[dropcap]T[/dropcap]hirty years ago a woefully unprepared young guy stood at the front of a the “old auditorium” at Mount Zion Baptist Church (Jonesboro, GA) to take as his wife a trusting young lady. He has since been harassed for wearing a white tux with tails. She looked beautiful in a traditional wedding dress.
They had endured many sessions of pre-marriage counseling, though could hardly have been less prepared for what lay ahead. Rather like when a would-be pastor leaves seminary for the ministry, or a medical student shows up for his or her first ER rotation.
Thirty years is a very long time that flies like a falcon in a steep dive. I am unsure adequate counseling exists to ready a man and woman for the merger that is marriage. “Two become one flesh,” in the biblical parlance. Losing one’s self to the other, for the other and in the other might also work.
Sonya Duren has given more across the span of these three decades than seems possible for one human to give. She has sacrificed much “success” as defined by some, but in doing so has gained a worthy, honorable name.
“Who can find a capable wife?” asked the king’s mother in the 31st Proverb. “She is far more precious than jewels.” I wonder if the king’s mother was wagging her finger in lecture mode. Regardless, she was right. A capable wife has an immeasurable worth.
We married young and became parents quickly. Our firstborn arrived two weeks before our first anniversary. (Yes, the math works.) Barely ready for marriage we found ourselves in parenthood. I often did and do poorly. Sonya almost always did and does well.
Three children, a number of moves, career changes (for me, hers remained), and years later, I can say: my wife is awesome! Most of the people I know believe we have a successful marriage. Some have indicated they wish their marriage were like ours. One naive teenager called it “perfect.”
Kids these days.
While not perfect I feel it is excellent, even enthralling, and it has been worth it. Both the worth and the excellence are directly attributable to Sonya’s patient faithfulness. This post is not intended to say, “I wouldn’t be where I am without her.” It is intended to say, “I wouldn’t be without her.”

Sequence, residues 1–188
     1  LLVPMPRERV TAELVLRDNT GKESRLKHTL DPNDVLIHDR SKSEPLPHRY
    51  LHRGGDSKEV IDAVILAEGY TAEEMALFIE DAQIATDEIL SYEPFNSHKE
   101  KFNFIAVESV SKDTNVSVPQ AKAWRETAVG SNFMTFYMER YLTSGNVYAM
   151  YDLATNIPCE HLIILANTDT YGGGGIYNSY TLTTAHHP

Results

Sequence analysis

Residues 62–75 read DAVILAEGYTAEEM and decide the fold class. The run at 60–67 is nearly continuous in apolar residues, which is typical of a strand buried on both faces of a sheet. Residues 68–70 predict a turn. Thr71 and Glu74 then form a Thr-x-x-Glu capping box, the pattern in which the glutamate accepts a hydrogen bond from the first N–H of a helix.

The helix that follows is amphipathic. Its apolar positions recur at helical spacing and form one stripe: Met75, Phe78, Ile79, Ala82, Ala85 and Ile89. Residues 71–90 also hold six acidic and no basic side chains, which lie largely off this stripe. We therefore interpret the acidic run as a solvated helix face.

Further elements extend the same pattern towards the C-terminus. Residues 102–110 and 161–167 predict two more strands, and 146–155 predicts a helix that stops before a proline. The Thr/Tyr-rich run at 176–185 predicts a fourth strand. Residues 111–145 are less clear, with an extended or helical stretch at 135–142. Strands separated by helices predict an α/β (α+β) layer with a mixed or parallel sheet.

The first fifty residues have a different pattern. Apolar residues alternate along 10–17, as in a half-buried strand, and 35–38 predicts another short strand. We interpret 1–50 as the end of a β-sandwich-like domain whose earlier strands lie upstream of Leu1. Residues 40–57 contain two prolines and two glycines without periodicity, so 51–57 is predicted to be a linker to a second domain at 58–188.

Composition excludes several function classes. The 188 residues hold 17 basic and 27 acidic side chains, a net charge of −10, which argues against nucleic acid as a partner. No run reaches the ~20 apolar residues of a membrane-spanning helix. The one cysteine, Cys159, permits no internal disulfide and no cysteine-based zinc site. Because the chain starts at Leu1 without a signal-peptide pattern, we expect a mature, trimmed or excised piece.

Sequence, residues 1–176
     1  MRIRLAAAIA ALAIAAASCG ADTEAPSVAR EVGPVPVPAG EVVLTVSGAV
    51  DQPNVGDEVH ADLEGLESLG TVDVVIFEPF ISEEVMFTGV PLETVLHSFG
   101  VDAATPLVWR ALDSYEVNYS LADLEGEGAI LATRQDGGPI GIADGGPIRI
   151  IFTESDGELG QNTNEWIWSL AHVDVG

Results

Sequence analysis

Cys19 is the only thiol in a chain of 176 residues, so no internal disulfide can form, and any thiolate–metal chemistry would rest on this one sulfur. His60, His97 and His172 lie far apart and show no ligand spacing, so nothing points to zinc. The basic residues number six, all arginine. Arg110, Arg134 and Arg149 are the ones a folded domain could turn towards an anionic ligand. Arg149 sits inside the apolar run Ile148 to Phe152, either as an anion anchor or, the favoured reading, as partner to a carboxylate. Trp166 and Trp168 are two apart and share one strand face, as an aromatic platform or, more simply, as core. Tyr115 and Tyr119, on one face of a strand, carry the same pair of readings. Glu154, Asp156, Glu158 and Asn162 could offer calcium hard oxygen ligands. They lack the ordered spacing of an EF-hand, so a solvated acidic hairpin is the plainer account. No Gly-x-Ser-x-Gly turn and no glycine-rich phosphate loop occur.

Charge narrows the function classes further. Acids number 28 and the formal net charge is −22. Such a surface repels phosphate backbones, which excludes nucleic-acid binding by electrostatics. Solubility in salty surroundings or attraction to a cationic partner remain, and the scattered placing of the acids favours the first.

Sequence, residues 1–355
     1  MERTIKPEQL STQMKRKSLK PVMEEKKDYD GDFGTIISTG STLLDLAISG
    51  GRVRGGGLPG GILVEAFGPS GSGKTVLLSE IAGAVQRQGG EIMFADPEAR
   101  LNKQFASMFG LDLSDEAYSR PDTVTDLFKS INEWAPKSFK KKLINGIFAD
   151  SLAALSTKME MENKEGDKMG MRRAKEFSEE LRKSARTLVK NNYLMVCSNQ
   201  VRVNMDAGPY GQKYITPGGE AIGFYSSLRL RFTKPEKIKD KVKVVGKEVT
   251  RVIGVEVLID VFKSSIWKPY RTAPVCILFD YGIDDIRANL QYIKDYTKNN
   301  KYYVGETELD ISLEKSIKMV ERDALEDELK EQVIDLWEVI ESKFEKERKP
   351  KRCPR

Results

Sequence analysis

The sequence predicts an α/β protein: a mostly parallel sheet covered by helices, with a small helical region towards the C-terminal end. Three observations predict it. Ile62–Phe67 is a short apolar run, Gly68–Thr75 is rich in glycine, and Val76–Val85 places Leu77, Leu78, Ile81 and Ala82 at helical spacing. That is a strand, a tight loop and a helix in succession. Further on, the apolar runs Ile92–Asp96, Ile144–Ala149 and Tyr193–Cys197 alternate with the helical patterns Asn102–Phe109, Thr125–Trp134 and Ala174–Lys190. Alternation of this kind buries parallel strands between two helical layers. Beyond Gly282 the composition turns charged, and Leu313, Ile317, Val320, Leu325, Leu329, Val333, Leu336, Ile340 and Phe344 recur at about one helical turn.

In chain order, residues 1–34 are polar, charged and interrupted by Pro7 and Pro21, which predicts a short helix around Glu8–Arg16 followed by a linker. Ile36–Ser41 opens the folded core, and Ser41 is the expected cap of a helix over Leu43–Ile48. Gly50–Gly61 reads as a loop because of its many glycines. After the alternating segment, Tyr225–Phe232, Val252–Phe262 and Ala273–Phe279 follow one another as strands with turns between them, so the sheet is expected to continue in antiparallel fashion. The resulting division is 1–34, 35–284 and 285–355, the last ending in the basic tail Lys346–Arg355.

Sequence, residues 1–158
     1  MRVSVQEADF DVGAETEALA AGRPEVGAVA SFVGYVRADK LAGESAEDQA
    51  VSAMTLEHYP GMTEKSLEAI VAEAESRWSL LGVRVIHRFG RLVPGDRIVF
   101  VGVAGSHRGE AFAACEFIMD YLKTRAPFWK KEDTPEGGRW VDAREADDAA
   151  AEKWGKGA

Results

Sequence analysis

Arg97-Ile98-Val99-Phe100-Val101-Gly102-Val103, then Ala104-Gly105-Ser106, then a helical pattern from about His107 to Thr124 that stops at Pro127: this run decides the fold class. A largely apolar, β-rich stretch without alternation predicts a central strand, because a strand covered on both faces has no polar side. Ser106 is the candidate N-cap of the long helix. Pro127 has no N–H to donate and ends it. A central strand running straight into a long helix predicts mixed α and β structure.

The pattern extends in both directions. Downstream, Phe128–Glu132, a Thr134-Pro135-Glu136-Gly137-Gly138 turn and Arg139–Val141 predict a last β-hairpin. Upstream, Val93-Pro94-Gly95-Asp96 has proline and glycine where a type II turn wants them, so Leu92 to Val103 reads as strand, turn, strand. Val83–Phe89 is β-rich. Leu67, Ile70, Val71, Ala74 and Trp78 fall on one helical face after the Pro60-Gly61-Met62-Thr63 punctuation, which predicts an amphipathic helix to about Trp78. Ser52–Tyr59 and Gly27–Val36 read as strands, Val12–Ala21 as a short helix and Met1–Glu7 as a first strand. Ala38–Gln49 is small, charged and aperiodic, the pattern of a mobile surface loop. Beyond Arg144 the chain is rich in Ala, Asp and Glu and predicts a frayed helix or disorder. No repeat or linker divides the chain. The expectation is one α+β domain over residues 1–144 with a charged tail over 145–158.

She has always been a stream of cool water refreshing our family. Whether teaching school, preparing amazing meals, learning to reupholster furniture, refinish furniture, becoming a power-seller on Ebay, landscaping, gardening, interior design, demonstrating spiritual leadership to our children and women in our ministries, being a constant encouragement to me, a remarkable pastor’s wife, praying for and with me, helping me think through multiple moving parts at any given life moment, bandaging knees, killing spiders, giving massages and ten thousand other things, God has done a good, yes a great thing for me.
She knows when to let me rant and when to say, “Okay, now you listen to me.” She knows when I’m slipping into depression often before I see it. She knows my eating weirdness and never complains when meal choices are without preference. But she’s such a great cook it never matters what she prepares!
Hundreds could rise up and call her “blessed.” Women who have spent scant time with her realize immediately how special she is. How much more those who know her well.
I do not know how a husband could love a wife more than I love her. I cannot imagine a woman who deserves being loved any more. It’s possible, I suppose, but I cannot imagine it. The awesome thing about a 30th anniversary is the very real chance of thirty more years to try and love her in the extreme. To finally and consistently love her as Christ loves His church.
I will not create a comparison game between men’s wives by saying Sonya is the best woman in the world. But I will say she is the best woman in mine.